Sometimes, though it may not make sense on the surface, deep down inside, you know it’s the right thing. Especially when something comes along and finds you when you weren’t especially looking for it. That’s the way it was back in early 2000 when I first discovered Aquala.
That was a time in my diving career when I began venturing beyond recreational scuba. My local dive shop started a project to train a group to dive the Italian shipwreck, the Andrea Doria. The Andrea Doria sank in July of 1956, off the coast of Nantucket, Massachusetts. Because of its depth, age, the difficulty of surrounding conditions, and for the lives, it has claimed, it’s known as the “Mount Everest of Wreck Diving”. Making such a dive requires months or even years of training. Mixed gas dives in excess of 200 feet, with mandatory decompression, in chilling temperatures, aren’t taken lightly. Drysuits were part of our dive plan, so I began to research.
I first came across the big names of the day. Predominately the companies making nylon laminate suits, with a few vulcanized rubber and compressed neoprene suits in the mix. I learned about their differences, familiarized myself with their product lines, and learned about their histories.
Then I came across something different. As I searched, I found a site called Aquala.com. The site was simple, the suits were simple, and there was a genuine honesty to it’s entirety. Then there was their history. A pioneering brand which had been around since the 1950s, far longer than the other companies I was considering. That spoke to me, and as I researched further I kept coming back to Aquala.
As the dive training progressed, the day finally came to purchase a suit. My first stop was Aquala, but something had changed. The homepage was different and now it said: “The Aquala Company is for sale”. So not only could one buy a suit, they could buy the entire operation. I enquired, a few emails later and I was on my way to Rye, New Hampshire.
John Meehan was the owner at the time. John was a New England surfer so he focused his ownership on Aquala’s surfing heritage. It was a noble effort, but the surf community didn’t accept Aquala as he’d wished. After making an honest run of it for seven years, he decided to sell.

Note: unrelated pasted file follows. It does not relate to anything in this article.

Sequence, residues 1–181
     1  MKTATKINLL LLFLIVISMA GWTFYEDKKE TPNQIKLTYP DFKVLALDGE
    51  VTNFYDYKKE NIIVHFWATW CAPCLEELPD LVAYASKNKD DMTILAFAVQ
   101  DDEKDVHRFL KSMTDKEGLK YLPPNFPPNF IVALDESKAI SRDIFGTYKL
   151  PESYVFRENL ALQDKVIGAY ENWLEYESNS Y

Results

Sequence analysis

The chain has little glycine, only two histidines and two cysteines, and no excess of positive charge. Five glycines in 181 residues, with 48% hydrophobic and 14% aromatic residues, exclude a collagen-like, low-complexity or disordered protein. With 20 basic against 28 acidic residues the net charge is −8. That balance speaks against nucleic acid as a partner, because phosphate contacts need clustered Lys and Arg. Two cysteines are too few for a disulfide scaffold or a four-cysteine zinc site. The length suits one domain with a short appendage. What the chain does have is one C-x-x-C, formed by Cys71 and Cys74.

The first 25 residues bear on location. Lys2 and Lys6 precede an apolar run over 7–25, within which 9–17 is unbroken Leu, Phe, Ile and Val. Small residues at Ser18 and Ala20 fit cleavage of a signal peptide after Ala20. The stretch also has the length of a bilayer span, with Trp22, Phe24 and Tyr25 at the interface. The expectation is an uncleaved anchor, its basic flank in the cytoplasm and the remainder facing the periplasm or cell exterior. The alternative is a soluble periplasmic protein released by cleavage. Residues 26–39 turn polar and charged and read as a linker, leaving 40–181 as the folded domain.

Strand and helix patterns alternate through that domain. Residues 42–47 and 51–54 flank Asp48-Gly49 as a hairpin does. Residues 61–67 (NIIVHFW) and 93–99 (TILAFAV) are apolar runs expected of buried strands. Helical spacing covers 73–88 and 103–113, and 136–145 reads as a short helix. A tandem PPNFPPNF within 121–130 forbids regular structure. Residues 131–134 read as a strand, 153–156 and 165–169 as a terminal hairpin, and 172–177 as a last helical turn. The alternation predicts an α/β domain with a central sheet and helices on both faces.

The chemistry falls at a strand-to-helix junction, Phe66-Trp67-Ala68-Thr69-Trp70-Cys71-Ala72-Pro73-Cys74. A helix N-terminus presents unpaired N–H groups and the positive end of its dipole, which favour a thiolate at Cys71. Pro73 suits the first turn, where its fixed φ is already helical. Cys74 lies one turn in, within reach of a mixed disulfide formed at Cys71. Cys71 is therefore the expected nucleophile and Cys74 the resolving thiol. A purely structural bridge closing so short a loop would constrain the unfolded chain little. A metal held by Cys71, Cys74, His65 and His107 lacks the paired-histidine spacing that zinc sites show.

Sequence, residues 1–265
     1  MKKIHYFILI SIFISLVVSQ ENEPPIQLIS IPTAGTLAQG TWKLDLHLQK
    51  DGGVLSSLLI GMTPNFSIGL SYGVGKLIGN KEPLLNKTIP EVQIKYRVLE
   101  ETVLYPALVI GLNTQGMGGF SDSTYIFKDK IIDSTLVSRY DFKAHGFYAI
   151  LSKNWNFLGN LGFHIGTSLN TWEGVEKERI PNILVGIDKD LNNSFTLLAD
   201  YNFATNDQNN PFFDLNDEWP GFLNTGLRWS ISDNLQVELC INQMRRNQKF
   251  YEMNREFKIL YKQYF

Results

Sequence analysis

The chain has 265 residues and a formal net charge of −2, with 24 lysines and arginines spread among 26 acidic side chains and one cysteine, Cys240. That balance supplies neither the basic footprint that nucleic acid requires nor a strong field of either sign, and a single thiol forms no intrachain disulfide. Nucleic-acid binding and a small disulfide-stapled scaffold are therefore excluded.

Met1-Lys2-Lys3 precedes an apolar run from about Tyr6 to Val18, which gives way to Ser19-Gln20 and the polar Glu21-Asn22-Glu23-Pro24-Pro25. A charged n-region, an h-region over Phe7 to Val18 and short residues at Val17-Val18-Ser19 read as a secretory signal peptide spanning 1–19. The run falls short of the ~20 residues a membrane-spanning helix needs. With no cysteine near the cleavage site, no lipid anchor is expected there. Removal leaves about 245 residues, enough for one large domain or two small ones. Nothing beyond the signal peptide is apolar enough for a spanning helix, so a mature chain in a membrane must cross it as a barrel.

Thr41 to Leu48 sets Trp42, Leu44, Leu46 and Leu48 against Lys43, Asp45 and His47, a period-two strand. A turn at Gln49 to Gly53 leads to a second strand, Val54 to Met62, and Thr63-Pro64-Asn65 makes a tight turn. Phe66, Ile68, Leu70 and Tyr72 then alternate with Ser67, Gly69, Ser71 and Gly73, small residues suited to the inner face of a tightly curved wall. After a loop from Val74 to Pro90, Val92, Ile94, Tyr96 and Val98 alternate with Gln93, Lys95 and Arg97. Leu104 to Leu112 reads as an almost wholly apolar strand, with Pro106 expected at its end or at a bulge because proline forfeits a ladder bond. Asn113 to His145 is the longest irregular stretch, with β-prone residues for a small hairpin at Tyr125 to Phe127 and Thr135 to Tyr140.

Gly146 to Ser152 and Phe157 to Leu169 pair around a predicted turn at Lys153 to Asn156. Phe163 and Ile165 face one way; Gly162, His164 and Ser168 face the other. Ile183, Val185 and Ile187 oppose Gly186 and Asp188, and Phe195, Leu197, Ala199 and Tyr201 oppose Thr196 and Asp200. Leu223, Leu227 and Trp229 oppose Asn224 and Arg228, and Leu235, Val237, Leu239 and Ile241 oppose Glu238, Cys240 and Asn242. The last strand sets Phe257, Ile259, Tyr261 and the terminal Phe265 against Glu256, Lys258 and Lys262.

I spent two days in Rye, reviewing financials, seeing how the suits were made, and inventorying the hard assets. It was as honest and basic as it had appeared on the web, and I knew it had to return to it’s diving heritage. I also knew the challenge would be great, but regardless, John and I made a deal. By November of 2000, I was moving the entire operation to Shreveport. However, I didn’t realize how great the challenge.
Since the 1980s, Aquala has had an uphill fight. Large European corporations, with millions in R&D, production, and advertising funds swept the commercial drysuit sector. Laminate nylons, with their technical aesthetic and vast color selection, swept the sport drysuit sector. Yet through it all, Aquala survived.
It survived because there are divers who appreciate tradition, and the hand-built quality that only a suit built like this can make. They appreciate a workshop of craftsmen who understand the artistry and the detail that is required to make a suit such as this. A workshop that builds suits in the exact same manner which Bill Barada built suits in Los Angeles throughout the 1950s. The same way they have been built through every decade.
The same thing that speaks to those divers is the same thing that keeps me going after 18 years. The dream Bill had, which was born from the love and necessity of spearfishing to the dreams that every owner has had. Almost seventy years of diving heritage that I will not let end on my watch.
Yes, we are small, but we carry on because of our commitment to making suits one at a time – the way it was done in the beginning. We think it’s important to maintain the craftsman workshop. When we make your suit- it’s personal. What we have built here is a community- one suit at a time, and one diver at a time.